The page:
• Smart People Play Chess: Xavier and Magneto in the first film, First Class and Days of Future Past, and alluded to again in The Last Stand at the very end where Erik is at a park with a chess board... The chess motif is there to establish the attitudes of both men as The Chessmaster, and it's a metaphor for their struggle over the future of mutantkind.
    • And subverted in real life. Everyone on the set naturally assumed that the erudite Ian McKellen and Patrick Stewart knew how to play chess, but neither of them did. As Stewart explained, he was always too busy with his career. They had to be taught by a world champion; Stewart said it was "like learning to drive with Michael Schumacher".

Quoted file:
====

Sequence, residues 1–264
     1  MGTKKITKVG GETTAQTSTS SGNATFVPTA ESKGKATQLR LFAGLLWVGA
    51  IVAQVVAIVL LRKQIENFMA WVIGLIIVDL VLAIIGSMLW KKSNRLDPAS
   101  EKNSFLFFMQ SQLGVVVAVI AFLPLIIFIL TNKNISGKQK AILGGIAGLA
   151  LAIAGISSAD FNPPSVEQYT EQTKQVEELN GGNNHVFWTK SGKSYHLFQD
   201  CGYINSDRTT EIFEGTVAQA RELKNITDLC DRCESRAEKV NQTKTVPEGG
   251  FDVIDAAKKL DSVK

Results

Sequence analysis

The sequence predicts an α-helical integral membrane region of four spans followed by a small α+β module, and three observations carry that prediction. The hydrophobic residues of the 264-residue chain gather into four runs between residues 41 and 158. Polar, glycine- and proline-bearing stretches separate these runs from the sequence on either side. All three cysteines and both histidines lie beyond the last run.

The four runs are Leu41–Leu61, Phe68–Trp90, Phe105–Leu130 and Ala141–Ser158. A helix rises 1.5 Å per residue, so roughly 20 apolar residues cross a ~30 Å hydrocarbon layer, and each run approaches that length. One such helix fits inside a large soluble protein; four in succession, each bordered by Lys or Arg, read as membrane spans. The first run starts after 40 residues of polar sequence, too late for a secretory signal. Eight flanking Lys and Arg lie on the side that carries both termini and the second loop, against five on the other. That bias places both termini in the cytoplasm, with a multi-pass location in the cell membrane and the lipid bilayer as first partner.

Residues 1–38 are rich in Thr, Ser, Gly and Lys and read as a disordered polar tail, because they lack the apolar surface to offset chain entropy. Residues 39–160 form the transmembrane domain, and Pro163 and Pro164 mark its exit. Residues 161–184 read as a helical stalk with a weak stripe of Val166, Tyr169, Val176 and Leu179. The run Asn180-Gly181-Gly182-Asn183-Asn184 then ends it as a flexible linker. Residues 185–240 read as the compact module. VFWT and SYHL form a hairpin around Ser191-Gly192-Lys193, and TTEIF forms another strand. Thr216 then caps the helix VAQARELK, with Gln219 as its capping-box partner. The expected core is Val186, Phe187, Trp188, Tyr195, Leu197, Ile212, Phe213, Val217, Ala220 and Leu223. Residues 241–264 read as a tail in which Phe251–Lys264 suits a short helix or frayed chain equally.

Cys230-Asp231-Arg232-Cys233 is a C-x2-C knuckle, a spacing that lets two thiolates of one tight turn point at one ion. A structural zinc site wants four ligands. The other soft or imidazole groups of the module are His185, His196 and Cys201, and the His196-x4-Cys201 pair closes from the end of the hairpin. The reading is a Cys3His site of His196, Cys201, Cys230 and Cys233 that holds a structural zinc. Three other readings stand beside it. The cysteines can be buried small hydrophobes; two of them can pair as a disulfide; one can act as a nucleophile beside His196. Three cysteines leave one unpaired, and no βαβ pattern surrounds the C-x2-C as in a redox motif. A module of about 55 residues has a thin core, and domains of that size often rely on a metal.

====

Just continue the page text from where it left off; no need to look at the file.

• In X-Men: Days of Future Past, it was more like discussing with a chess table between Charles and Erik, without playing much. The lack of play and banter almost seems to symbolize the extreme distance and hostility (perhaps the worst in the series) between them, including Erik's violent outburst just minutes earlier.
  • Smart People Speak The Queen's English: Justified in the case of Professor X, who is half-British through his mother's side, and his posh accent was further refined after living for several years in Oxford, England, where he had earned his doctorate in genetics.
  • Soft Glass:
    • X-Men: The Last Stand:
      • Angel is able to jump through a skyscaper window without obtaining so much as a scratch, shirtless.
      • And then there's Storm, whose face is slammed through a glass table during a fight scene, yet she doesn't suffer from any cuts.